When you go through a divorce fear of the unknown becomes a big problem. No matter how hard you try to prepare yourself, outcomes are still uncertain and nerve-wracking. There is much uncertainty about everything from your financial instability to life changes and living arrangements.
All these unknowns can be scary, especially when it comes to dividing shared property and investments. You don't have to face this challenge alone. With the help of an experienced lawyer, both parties can make sure they get their fair share in the split.
In this article, we present common options for dividing your property, helping to ease your anxiety around the process.
Let the Courts Decide
If you aren’t sure how to handle your property in a divorce, you can leave it up to the court. A judge will assess the situation, attempting to reach a fair arrangement regarding finances and assets.
States typically use one of two methods to divide property in a divorce.
The first and most common system is called the “equitable” model. This is when the asset division considers the contributions of each spouse, current income of each party, and other factors such as the duration of the marriage. Equitable distribution’s primary goal is to ensure that both parties receive an appropriate share of all marital assets, regardless of who specifically purchased the item or whose name is on the lease.
The second system, used by far fewer states, is the “community property division” model. In it, both parties must equally divide all property and assets they acquired during the marriage. This includes income that either spouse earned, debts they incurred, and any assets they purchased. Community property law varies from state to state, but in most cases, both spouses are granted equal rights to all marital assets, regardless of who earned them.
Maryland uses the equitable division system.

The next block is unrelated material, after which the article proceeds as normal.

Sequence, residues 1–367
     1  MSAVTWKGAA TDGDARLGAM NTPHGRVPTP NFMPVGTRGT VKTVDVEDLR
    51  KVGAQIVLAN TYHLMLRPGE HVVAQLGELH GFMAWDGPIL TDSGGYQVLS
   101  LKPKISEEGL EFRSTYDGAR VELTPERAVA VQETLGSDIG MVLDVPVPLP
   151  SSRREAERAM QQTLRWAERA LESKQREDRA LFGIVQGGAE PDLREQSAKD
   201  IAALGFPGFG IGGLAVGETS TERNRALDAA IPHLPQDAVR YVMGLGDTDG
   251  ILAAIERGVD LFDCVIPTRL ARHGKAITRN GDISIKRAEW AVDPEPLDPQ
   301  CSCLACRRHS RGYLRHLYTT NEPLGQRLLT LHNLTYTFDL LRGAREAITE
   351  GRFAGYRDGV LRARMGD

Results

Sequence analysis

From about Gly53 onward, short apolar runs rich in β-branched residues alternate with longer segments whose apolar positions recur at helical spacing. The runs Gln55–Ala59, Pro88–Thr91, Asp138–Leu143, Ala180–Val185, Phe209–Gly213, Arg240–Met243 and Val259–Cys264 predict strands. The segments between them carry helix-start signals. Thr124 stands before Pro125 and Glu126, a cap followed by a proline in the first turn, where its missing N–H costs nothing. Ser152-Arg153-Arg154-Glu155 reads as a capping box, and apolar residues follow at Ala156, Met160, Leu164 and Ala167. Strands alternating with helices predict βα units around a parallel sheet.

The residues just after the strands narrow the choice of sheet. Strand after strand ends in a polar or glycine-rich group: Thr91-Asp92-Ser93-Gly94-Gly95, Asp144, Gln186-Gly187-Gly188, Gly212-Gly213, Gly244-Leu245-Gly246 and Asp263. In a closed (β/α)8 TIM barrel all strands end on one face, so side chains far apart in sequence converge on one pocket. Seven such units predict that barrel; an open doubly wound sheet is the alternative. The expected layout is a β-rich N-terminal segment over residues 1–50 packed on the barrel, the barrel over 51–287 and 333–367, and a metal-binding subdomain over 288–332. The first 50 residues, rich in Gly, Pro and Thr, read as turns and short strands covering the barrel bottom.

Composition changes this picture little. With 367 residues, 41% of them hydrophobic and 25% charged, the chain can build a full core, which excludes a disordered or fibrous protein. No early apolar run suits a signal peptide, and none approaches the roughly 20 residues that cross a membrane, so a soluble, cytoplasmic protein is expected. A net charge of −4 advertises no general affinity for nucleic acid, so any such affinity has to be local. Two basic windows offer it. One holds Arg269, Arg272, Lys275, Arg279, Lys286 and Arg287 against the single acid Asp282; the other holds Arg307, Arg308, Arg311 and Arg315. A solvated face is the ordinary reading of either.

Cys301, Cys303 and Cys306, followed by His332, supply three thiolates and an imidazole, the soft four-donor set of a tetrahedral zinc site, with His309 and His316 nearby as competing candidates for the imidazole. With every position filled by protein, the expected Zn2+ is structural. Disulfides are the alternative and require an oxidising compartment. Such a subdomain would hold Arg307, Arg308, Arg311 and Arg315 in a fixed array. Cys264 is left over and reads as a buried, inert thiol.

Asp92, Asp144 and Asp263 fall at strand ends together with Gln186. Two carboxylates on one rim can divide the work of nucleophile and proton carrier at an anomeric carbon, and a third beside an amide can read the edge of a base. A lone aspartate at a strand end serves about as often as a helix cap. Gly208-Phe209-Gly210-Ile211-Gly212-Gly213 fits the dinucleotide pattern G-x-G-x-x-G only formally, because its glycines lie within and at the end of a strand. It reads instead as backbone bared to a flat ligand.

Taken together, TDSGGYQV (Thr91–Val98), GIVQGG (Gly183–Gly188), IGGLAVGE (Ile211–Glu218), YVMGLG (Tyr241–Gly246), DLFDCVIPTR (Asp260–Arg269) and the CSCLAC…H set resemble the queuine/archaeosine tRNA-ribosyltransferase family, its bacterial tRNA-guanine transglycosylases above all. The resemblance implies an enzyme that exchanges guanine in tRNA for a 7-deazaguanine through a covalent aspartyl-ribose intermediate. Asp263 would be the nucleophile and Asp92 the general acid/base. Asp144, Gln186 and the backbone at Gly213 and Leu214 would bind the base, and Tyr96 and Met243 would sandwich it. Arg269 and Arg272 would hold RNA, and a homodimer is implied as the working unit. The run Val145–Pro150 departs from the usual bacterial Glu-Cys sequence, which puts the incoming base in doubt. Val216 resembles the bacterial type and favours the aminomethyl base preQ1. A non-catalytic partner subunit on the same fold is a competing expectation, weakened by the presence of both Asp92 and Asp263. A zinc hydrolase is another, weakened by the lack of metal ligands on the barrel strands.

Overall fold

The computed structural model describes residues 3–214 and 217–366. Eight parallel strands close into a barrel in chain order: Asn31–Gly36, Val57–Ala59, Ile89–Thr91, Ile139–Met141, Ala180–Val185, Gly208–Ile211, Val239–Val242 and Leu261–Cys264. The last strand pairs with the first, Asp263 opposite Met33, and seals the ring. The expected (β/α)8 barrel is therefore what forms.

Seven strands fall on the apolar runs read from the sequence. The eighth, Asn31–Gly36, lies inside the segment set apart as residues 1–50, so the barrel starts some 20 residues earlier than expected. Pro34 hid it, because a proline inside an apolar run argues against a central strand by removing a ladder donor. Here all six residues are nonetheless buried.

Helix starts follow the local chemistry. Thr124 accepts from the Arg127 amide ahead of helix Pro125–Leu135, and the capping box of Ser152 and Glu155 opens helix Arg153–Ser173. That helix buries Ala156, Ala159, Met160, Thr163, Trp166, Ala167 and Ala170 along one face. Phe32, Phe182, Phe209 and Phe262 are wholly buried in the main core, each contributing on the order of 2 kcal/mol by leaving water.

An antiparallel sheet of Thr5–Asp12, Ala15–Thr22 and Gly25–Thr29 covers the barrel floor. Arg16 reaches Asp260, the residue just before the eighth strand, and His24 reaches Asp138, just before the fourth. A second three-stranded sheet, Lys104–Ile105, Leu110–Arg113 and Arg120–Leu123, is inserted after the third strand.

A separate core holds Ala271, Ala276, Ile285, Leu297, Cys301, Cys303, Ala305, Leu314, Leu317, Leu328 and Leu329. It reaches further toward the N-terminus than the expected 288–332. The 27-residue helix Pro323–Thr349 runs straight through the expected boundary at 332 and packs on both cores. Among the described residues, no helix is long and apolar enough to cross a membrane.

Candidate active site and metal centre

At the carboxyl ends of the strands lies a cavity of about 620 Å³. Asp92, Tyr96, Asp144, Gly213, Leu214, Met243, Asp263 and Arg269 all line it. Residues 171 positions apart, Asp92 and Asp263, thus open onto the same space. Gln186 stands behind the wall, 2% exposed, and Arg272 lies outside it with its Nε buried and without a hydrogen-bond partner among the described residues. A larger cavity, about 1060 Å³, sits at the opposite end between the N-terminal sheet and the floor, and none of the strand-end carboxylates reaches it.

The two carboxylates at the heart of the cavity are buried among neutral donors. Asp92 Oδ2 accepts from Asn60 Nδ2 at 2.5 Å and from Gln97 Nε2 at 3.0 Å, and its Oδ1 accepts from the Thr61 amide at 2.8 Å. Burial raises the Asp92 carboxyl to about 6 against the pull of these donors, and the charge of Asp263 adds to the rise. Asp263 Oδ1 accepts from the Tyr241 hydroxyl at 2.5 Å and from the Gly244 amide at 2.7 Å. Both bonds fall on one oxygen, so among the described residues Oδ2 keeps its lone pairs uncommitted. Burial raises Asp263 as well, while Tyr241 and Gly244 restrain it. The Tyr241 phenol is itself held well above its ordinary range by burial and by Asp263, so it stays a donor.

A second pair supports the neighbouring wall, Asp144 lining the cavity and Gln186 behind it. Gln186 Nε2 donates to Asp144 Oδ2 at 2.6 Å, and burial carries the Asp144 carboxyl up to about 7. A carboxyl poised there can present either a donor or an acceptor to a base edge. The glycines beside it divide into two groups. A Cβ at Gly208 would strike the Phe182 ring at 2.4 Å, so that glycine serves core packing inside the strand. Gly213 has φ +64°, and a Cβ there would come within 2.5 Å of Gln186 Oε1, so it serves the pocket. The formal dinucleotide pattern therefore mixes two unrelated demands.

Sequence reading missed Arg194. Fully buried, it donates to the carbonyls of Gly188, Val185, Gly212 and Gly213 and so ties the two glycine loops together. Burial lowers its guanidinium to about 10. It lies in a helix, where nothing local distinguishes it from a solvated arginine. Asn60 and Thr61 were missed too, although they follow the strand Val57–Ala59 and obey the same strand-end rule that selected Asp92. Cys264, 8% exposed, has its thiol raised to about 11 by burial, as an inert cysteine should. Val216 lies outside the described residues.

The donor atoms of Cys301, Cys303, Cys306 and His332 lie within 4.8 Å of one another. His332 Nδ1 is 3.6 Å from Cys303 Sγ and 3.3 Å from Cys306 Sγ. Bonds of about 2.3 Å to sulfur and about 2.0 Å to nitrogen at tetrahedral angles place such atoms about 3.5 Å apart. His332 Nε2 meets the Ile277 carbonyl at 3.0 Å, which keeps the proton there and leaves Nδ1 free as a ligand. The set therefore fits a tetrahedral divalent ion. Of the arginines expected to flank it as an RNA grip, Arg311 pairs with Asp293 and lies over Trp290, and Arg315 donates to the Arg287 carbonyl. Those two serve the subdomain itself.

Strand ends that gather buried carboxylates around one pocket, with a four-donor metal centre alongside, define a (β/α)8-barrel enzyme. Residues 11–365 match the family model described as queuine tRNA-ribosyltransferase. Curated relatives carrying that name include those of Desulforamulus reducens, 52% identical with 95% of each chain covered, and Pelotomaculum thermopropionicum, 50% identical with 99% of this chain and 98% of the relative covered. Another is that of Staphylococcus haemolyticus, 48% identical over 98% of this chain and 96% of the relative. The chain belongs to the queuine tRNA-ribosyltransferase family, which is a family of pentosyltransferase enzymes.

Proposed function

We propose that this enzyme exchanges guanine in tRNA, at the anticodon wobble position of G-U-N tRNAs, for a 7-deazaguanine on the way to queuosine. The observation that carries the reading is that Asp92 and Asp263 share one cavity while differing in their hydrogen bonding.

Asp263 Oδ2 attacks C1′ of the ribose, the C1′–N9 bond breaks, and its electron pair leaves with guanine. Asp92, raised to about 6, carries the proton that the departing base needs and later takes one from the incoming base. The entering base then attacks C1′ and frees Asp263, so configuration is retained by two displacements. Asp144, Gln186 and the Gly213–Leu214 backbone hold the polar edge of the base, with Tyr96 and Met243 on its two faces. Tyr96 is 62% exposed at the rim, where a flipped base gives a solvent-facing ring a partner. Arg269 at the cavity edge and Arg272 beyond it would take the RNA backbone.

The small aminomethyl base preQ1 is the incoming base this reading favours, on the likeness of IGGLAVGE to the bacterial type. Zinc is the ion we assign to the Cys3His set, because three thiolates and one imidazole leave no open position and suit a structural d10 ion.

You should note that court proceedings can be expensive and take a considerable amount of time. If possible, try to create an agreement between both parties that does not require court intervention.
Do It Yourself
You always have the right to make whatever agreements you wish and submit them to the court. This includes all aspects of a divorce such as child support and custody, spousal support, and property division.
One way to do this is through mediation. This is where a neutral, legal professional helps facilitate discussions and negotiations between you and your spouse.
Another option is to have a collaborative divorce. You can include multiple lawyers and even other professionals such as financial experts and child psychologists. Everyone works together to reach an agreement outside of court.
Remember to put any property division agreement you reach outside of court in writing, sign it, and submit it to the court. This will ensure its enforceability.
The thought of any major transition can be scary, but remember that no matter what lies ahead, you have the strength and resilience to make it through this difficult time.
Law Office of Nicholas T. Exarhakis is here to work with you and your spouse, helping you achieve fair, reasonable outcomes in your divorce. If necessary, we can also represent you in court. For a free consultation, call us today at (410) 593-0040 or contact us online.